Clients at the Anticafe can come in have a cup of coffee or two and not worry about how long they take up a table.

Instead of paying for the coffee, customers pay for the time.

"I prefer to come here because it's easier for me to pay, kind of, by the hour as opposed to if I just went to a Starbucks or something, and I feel bad if I only buy one coffee and stay there for eight hours," said student Alanna Miller.

The cafe markets its business by hosting events and attracting clientele that will make connections and, hopefully, build a community.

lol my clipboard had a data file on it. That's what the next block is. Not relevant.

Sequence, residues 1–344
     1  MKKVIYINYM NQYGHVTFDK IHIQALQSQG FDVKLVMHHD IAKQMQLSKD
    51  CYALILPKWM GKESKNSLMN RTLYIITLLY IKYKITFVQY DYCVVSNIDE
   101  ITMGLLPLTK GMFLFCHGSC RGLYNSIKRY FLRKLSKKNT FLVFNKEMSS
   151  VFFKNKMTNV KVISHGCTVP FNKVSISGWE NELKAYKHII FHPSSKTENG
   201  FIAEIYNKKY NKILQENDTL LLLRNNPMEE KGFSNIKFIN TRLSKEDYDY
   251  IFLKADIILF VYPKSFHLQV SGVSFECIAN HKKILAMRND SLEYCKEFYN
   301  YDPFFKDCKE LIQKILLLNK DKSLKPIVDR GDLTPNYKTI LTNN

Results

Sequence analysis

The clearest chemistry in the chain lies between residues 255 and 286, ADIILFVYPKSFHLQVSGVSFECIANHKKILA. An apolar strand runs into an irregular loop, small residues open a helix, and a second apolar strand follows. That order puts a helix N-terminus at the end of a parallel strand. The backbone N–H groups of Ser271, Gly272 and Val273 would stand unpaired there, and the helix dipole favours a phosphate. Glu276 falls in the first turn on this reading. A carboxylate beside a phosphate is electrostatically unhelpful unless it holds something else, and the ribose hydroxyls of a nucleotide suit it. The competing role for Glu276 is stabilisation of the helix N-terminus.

"To give people the alternative not to be home feeling along; more in a cosy place where they can find friends and get inspiration as well," said the Anticafe's Gerry Trenard.

Trenard admitted that the cafe struggles to break even every month, but that cafes like his are going to become more and more common.

"It is a struggle," he said. "Sometimes we're facing the crude reality of the world, but it's what motivates us as well because we are bringing an alternative."

In keeping with the environmentally-conscious times, the Anticafe also plans to go towards a zero-waste model in the future.